Six Weeks As An Extra On The Set Of Robert Rodríguez’s Machete

At some point long ago, it became a goal of mine to be on a movie set that had at least one giant explosion. I had absolutely no idea how I was going make this happen, and for the most part it was filed away along with my other “wouldn’t it be cool” fantasies.

Fast forward a few years to late summer, 2009. I was living in Austin, underemployed, and trying to pick up every bar shift I could to make ends meet. I knew that there’d recently been a casting call for Robert Rodríguez’s Machete, so I asked a friend who worked for a local talent agency to put a feeler out for me. She made one phone call on my behalf, and just like that, I was on the call sheet as an extra for the rest of the week. I guess it really is “who you know.”

Shortly after getting the news that I had the gig, a production assistant called me and explained that the first day would be a big political rally, held outdoors. She gave me a standard wardrobe request: no patterns, no logos, no bright colors and at least two full changes of clothes. The next morning, I was outside a church in downtown Austin at 5:30 am, waiting in line to check-in. After a second check-in and some more waiting, they called all extras to the set.

We were led to the capital building, which meant that cops were on hand to re-route traffic throughout the day. I quickly realized the logistical nightmares productions like this can create.

The scene that day involved a speech by Senator McLaughlin (Robert DeNiro) and ended in a botched assassination attempt. After waiting on the sidelines, I was given my spot in the crowd — close to the podium, where DeNiro’s body-double had been standing for the better part of an hour. “The most exciting day of your life is your first day on a movie set,” he enthusiastically called to us. “The most boring day of your life is your second day on a movie set.”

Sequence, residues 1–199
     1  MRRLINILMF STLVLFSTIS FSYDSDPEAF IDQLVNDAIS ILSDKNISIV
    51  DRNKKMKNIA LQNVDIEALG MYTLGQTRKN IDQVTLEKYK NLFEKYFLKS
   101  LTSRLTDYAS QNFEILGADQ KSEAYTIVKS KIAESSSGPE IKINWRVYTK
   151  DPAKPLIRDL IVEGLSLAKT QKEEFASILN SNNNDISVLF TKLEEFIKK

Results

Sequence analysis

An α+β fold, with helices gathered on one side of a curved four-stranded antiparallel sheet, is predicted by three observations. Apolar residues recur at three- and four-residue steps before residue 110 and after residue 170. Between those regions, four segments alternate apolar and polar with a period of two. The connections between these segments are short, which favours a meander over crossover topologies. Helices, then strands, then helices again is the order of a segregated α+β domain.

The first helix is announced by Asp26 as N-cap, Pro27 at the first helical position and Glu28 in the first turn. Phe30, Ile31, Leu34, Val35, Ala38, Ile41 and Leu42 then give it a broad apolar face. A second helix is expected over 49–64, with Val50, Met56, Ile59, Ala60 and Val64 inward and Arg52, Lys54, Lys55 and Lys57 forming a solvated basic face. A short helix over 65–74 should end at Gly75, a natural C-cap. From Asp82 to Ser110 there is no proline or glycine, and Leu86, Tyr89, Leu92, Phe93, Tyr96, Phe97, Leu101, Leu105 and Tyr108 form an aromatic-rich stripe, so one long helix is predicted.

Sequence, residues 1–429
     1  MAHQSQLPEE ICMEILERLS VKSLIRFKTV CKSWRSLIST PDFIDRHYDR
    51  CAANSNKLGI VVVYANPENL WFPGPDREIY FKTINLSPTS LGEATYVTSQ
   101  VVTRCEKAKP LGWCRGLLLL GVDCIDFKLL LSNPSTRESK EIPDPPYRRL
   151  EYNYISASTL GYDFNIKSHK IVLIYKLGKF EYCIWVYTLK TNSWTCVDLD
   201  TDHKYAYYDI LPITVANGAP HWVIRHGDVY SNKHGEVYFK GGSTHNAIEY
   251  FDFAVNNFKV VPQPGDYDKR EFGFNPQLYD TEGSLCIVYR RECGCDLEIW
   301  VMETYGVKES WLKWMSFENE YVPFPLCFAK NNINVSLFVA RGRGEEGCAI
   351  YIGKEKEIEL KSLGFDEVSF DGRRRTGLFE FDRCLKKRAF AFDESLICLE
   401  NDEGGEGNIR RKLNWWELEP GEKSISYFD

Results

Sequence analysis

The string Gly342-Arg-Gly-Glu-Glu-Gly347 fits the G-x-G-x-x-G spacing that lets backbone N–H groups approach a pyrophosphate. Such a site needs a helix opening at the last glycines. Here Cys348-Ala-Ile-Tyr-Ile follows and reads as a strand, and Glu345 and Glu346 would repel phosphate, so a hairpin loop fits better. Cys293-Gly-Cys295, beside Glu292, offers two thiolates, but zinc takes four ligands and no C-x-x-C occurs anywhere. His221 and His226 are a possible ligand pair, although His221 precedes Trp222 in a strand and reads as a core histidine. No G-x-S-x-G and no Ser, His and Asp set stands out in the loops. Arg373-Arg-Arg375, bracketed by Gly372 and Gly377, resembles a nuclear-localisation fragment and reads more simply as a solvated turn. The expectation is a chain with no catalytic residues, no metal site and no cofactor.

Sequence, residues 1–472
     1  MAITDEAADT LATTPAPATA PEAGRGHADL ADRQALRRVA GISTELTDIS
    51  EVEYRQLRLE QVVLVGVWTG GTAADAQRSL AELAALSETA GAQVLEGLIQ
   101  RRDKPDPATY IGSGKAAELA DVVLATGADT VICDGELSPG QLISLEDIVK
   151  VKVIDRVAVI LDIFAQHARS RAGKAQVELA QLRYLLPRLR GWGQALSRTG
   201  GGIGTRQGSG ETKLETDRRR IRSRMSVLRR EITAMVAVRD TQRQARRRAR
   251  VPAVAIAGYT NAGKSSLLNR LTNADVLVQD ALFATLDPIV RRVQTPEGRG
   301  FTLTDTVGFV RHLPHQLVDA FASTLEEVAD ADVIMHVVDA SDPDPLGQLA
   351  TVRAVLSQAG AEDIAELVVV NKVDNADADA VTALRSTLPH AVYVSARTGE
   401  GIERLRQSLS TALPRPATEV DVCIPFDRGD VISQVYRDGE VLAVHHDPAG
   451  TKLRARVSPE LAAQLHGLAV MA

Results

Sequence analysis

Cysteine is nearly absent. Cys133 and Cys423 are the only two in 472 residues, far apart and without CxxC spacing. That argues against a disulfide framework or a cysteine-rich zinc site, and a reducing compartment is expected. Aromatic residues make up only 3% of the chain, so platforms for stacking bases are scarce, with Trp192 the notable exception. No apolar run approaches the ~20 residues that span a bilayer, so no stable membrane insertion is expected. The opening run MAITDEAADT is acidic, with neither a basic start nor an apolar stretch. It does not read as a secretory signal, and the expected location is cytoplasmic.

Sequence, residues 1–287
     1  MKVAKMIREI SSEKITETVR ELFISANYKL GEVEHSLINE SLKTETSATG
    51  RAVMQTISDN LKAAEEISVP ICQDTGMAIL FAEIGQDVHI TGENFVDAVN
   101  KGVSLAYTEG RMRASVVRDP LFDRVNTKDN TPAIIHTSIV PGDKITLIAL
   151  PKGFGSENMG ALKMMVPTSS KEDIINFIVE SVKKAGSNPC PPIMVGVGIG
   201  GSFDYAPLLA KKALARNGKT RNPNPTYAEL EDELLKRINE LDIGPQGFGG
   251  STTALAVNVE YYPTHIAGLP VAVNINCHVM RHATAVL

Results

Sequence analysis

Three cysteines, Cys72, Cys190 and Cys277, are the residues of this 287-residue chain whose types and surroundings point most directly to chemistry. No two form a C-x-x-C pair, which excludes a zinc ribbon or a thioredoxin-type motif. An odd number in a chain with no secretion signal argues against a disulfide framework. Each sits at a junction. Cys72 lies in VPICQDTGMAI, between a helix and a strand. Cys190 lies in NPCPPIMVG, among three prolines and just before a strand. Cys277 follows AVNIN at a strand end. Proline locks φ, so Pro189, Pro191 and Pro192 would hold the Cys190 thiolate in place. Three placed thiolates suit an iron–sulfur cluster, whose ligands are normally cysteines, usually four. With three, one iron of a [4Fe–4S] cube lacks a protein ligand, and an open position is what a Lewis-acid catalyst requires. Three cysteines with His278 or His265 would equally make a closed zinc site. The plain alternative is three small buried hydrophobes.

We shot a number of takes, with DeNiro’s double miming a speech while someone in the crew called out lines to get the various reactions they needed. Then, we had to cower and scramble for a few takes, as if someone had just opened fire on the rally. After that, there was a close-up shot of a squib going off on a stuntman’s leg, followed by a few more takes of the extras scurrying for cover.

Finally, DeNiro emerged —  the Godfather himself. He stepped to the podium and gave his speech two-and-a-half times. Next, they shot a couple quick takes of him limping off stage (as if he’s just been shot in the leg) while escorted by Secret Service agents. In the movie, he speeds off in a limo. Given that it was DeNiro’s last scene to shoot, I’ve always wondered if that limo kept going all the way to Austin-Bergstrom International.

When everything was put together, along with some scenes from the original Grindhouse trailer, it ended up looking like this.

The rest of my time as an extra took place on the Troublemaker Studios lot up in North Austin, which had been dressed to look like the home base for what was they called “a redneck militia.” It wasn’t all rednecks though, Predators was filming at the same time, so part of the set had a much different look. Days would alternate between the milling around in the background (or foreground) of scenes, and huge set pieces with groups of extras pretending to fight.